Erdoğan may target northern Cyprus annexation by 2023, Cypriot minister says

Greek Cypriot Foreign Minister Nicos Christodoulides said on Monday that Turkish President Recep Tayyip Erdoğan might annex the north of the island within two years, the Cyprus Mail reported.

“Unfortunately, the occupied areas of Cyprus, areas in northern Syria, areas in northern Iraq are all potential targets for Erdoğan, and this is something that should trouble us and of course we are concerned,” Christodoulides said.

The minister said there was a risk of Turkey annexing Turkish Cypriot-controlled Cyprus should no solution to unite the divided island be found by 2023, the 100th anniversary of the Republic of Turkey, according to the Cyprus Mail.

Turkey invaded Cyprus in 1974 in response to a short-lived Greek Cypriot military coup aimed at uniting the country with mainland Greece. The island has since remained divided between a Greek Cypriot south, a European Union member, and a Turkish Cypriot north, which is only recognised by Turkey.

Erdoğan has called for a two-state solution to settle the Cyprus problem, a policy that runs contrary to United Nations-sponsored initiatives based on a federal model. He reiterated that view on Nov. 15 during a visit to the Cypriot tourist resort of Varosha, which was left abandoned after the Turkish invasion.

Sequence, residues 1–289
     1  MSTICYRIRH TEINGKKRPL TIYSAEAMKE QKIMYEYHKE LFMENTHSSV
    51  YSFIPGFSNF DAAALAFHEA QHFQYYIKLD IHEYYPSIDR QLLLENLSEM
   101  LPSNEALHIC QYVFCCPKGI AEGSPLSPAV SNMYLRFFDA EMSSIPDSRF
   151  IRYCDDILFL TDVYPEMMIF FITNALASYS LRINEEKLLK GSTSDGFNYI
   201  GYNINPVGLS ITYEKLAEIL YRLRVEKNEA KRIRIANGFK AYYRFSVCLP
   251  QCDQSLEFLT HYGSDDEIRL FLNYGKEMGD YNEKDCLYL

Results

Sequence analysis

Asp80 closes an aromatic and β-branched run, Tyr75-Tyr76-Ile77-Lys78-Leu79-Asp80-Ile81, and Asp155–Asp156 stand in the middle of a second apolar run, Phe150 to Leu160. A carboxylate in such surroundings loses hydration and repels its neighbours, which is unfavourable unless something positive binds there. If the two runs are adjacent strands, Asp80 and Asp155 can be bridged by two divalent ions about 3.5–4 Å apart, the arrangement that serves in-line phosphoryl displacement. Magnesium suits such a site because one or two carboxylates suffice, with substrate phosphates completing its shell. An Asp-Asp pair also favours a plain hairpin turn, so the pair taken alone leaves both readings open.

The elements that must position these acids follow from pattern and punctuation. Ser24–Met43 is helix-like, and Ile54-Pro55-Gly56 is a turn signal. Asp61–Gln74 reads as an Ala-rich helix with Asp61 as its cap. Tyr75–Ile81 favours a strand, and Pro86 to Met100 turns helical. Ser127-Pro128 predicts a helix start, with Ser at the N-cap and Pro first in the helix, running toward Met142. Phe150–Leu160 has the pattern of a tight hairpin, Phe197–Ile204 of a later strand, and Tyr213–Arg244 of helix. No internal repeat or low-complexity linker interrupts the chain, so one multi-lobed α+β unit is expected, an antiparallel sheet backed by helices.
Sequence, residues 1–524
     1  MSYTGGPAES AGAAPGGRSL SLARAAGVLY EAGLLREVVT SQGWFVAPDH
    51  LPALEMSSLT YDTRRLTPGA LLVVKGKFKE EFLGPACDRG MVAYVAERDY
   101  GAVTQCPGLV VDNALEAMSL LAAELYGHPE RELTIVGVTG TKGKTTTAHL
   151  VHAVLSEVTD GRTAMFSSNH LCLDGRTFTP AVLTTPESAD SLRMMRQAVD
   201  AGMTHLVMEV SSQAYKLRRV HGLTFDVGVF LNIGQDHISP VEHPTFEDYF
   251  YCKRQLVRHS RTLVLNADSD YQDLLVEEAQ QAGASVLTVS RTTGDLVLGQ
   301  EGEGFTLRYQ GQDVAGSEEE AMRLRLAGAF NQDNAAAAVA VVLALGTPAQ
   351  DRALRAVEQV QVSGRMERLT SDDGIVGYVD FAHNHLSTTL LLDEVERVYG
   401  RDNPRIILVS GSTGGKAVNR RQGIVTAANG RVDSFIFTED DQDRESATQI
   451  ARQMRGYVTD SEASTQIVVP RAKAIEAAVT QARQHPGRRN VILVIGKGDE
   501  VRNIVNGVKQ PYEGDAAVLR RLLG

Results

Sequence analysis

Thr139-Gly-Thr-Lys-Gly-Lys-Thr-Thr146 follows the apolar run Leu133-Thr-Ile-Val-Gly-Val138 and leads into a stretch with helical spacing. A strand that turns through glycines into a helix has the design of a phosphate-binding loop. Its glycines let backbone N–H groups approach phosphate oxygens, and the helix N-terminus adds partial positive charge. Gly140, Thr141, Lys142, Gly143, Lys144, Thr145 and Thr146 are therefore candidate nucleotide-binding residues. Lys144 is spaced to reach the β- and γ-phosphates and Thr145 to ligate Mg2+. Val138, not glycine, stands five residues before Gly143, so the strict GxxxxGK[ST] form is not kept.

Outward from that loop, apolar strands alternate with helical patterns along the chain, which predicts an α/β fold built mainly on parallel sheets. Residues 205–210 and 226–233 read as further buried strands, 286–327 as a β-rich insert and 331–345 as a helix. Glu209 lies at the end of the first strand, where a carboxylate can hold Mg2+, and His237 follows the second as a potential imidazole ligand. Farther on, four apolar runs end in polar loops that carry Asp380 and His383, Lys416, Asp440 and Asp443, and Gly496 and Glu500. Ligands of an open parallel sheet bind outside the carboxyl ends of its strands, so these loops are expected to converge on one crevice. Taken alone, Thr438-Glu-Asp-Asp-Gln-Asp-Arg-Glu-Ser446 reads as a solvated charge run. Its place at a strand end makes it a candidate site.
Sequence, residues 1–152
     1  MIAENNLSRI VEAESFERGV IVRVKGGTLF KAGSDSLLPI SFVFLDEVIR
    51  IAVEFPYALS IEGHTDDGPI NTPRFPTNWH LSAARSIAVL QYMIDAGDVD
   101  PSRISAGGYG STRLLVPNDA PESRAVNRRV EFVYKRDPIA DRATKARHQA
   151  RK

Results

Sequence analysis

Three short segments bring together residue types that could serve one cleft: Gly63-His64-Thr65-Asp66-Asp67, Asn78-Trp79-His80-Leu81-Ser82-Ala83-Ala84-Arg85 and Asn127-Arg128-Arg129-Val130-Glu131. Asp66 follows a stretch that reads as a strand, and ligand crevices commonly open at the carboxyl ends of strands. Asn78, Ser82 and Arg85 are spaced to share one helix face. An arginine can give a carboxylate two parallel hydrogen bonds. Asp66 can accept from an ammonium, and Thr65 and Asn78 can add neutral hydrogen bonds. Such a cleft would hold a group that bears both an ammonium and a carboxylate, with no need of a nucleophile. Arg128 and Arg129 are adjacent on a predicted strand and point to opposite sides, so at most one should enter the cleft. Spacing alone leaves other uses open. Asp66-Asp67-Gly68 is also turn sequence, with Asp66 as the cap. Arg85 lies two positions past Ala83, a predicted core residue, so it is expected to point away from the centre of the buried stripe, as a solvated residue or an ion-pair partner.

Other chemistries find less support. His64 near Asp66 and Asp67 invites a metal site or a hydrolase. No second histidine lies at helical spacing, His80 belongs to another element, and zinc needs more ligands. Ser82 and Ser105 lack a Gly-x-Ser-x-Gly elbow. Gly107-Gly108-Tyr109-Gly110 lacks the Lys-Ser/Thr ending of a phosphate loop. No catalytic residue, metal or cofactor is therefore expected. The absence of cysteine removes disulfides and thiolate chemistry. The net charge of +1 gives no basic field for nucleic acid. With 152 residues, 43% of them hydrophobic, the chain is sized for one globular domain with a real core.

The Turkish Cypriot authorities partially reopened Varosha, formerly a Mediterranean tourist hotspot, on Oct. 8 despite international criticism.

On Nov. 15, European Union foreign policy chief Josep Borrell criticised the remarks made by Erdoğan at Varosha. Manfred Weber, a senior German politician and head of the centre-right European People’s Party in the European Parliament, said that Turkey "was not interested in conflict resolution".

"It is imperative for Turkey to contribute in concrete terms and undertake responsible actions with a view to creating a conducive environment for negotiations," Borrell said.

"The EU’s message is very clear: there is no alternative to a comprehensive settlement of the Cyprus problem other than on the basis of relevant UN Security Council Resolutions."

Turkey’s Foreign Ministry condemned Borrell’s remarks, while accusing the bloc of being  “disconnected from the realities on the island.’’

“Being used to ignoring the existence and rights of the Turkish Cypriots, the EU now dares to rule out the Turkish Cypriot people’s will toward a settlement,” Turkish Foreign Ministry spokesman Hami Aksoy said on Monday.

“If the EU wishes to contribute to the settlement of the Cyprus issue, first and foremost, it should acknowledge the existence and the will of the Turkish Cypriot people, and fulfil its commitments made in 2004,” he said.

Erdoğan’s advocacy of a two-state solution comes during heightened tensions between Turkey, Greece and Greek Cypriots over maritime borders and drilling rights.

U.S. President elect Joe Biden's incoming administration, France and Germany should work together to address Turkey’s expansionary policy in the eastern Mediterranean and other areas, German Foreign Minister Heiko Maas and his French counterpart Jean-Yves Le Drian said in an article in the Washington Post on Monday.

“We will have to address Turkey’s problematic behaviour in the eastern Mediterranean and beyond,” the ministers said.